Put energy into XBRL quality rather than XBRL grumbling

Another article in the Wall Street Journal that highlights the continuing CFO discontent regarding the cost of XBRL v. the benefit.  It’s worth a read.

This dialog bubbled up again this week due to a new report of the state of XBRL, with a focus on its “usefulness and usability for security analysis” from Columbia Business School’s Center for Excellence in Accounting and Security Analysis.


Great pro-XBRL perspective comes (via LinkedIn XBRL  groups) from Mike Willis, XBRL denizen and partner at PricewaterhouseCoopers.  We featured Mike last month on an XBRL data quality webinar. 

From Mike in LinkedIn in context to the WSJ:

“Here are the actual recommendations from the Columbia Research paper: Specific recommendations: We believe there are several conditions for XBRL to be widely used:

1. The entire XBRL community must find a way to reduce significantly the error rate and unnecessary extensions (company-specific data tags). Some approaches that might achieve this are: providing greater regulatory oversight, potentially requiring an audit of the data, or requiring filers to resolve the error and quality checks communicated to them by XBRL US.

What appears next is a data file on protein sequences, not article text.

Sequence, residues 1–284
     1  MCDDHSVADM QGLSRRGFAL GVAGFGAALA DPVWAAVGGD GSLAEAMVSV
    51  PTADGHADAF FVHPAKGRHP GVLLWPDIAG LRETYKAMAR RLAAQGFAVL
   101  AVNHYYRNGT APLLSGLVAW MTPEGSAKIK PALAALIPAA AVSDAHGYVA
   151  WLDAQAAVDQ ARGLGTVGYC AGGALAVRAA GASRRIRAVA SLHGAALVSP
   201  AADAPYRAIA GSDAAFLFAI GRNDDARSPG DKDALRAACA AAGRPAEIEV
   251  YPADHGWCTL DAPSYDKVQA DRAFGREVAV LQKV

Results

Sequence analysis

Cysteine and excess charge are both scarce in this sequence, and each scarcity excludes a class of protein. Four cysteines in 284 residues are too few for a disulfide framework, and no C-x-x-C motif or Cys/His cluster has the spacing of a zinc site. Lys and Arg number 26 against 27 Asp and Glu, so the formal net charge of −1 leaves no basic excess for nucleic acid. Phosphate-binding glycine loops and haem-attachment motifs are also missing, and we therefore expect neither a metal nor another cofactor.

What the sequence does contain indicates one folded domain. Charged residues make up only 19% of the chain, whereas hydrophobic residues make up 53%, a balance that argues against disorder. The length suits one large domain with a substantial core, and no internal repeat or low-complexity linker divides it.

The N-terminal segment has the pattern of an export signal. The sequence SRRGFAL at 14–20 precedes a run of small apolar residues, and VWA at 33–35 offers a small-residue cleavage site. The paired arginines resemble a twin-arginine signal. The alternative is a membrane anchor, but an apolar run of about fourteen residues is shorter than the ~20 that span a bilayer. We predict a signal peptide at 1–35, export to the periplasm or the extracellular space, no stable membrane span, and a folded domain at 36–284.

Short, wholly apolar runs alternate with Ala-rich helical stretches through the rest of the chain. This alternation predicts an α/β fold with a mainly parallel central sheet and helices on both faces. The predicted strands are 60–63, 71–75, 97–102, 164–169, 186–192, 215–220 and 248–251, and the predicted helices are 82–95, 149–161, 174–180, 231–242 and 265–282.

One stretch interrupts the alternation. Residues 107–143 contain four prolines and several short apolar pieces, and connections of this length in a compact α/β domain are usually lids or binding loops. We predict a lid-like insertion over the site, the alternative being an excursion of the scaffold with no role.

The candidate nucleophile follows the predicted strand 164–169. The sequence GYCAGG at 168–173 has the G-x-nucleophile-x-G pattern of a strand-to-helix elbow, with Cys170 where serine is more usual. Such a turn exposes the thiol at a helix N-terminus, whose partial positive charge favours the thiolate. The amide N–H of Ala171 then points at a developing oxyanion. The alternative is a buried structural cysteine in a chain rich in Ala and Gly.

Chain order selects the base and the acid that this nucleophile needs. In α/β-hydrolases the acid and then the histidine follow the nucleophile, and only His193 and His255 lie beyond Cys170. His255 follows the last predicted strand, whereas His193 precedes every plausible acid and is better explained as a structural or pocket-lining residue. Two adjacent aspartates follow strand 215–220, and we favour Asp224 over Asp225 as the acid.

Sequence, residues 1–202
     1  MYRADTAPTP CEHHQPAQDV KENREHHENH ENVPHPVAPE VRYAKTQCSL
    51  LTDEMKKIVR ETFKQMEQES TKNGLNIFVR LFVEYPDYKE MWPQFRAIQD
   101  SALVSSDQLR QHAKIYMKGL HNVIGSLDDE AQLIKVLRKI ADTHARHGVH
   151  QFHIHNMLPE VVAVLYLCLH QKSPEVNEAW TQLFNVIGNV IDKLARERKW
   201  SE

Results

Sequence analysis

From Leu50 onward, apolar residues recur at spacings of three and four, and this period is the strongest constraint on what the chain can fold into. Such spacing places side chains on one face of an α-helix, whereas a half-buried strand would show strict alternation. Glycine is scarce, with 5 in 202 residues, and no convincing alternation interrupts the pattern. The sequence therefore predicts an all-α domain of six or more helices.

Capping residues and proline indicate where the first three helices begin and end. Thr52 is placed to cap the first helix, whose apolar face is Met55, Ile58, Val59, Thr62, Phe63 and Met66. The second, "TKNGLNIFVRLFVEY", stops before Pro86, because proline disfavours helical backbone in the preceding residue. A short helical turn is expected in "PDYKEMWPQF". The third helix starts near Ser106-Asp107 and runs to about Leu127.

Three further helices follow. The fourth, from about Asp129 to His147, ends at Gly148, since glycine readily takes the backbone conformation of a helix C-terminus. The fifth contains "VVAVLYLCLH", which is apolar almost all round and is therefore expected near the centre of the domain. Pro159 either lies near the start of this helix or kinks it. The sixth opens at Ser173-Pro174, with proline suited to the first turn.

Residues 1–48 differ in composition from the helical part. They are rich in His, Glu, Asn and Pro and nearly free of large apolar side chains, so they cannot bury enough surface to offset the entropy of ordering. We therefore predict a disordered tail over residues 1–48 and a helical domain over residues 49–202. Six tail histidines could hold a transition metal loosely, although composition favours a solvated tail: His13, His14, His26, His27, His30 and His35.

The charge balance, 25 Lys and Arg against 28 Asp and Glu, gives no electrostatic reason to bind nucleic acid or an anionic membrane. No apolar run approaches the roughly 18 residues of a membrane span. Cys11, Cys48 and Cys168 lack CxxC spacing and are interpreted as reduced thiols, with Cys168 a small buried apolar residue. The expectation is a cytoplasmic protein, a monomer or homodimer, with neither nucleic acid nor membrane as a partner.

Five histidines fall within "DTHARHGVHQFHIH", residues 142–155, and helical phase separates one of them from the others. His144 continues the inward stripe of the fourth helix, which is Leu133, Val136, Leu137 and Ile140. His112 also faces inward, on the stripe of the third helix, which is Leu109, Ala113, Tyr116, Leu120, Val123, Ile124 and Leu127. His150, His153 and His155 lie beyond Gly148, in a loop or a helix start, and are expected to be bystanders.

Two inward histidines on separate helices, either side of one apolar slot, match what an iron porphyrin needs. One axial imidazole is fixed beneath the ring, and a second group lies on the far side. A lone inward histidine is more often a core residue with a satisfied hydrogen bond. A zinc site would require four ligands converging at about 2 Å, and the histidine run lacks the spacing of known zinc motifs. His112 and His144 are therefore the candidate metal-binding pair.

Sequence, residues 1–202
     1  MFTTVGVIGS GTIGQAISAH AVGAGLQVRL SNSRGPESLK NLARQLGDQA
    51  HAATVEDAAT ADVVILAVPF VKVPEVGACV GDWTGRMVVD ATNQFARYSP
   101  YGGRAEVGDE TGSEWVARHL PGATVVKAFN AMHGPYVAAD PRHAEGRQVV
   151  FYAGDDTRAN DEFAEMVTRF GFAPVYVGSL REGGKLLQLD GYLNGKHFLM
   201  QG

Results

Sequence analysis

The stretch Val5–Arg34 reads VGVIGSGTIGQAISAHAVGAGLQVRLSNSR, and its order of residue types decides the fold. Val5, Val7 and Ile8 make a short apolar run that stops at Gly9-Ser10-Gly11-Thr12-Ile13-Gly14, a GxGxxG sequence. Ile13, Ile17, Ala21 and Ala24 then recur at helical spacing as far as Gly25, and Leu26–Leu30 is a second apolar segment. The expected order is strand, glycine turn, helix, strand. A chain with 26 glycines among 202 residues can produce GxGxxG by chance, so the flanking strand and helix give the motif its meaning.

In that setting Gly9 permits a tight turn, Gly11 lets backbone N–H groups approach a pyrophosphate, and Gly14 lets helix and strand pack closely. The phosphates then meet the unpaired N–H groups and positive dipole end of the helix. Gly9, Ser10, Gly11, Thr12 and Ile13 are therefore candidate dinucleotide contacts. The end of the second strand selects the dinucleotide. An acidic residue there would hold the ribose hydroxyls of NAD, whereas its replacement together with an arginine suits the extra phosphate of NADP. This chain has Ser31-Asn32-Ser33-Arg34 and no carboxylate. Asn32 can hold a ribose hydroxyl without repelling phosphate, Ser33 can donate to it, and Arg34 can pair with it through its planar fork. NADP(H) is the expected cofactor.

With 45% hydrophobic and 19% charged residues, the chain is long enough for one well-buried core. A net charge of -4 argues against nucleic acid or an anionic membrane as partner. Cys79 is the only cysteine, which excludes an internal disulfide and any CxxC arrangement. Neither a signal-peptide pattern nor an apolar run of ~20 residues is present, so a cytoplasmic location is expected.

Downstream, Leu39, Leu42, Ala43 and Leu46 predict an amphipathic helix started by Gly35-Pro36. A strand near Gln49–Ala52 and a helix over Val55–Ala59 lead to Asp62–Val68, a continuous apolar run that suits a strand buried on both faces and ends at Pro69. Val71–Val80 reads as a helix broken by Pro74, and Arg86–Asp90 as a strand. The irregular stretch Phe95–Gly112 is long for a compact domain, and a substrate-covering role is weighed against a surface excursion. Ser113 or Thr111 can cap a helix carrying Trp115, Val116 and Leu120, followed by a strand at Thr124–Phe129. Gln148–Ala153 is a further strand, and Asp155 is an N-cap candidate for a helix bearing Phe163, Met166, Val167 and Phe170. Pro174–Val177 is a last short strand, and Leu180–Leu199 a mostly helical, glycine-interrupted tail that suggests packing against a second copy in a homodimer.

2. Filers should spend the effort they are investing in attempting to destroy the SEC’s XBRL regulation on improving the quality of their own data, as well as on making their own data more useful and accessible to users.

3. XBRL technology development needs to be taken over and run by technologists, rather than accountants and regulators. An alternate and challenging approach to improving the underlying technology would possibly be to partner with the major business information system vendors (like IBM, Oracle and SAP), the key web-based financial information suppliers (like Google and Yahoo) and possibly even the major data aggregators (Bloomberg, CapitalIQ, FactSet and Thomson Reuters) not only to ensure the necessary mapping to the regulatory use of XBRL is as seamless as possible, but, more importantly, to get them to help improve the XBRL technology overall.

Pretty interesting! and or course wildly different than the WSJ headlines.”

From a vendor perspective, I would say this: we are keenly aware of this cost/value ratio. To that, we have a new program fleXBRL that offers clients an XBRL solution that fits their workflow AND pocketbook.  Those are both important considerations.  Learn more here.

Next month we’ll have a webcast showing XBRL in action, Street-side.

Have a great day.

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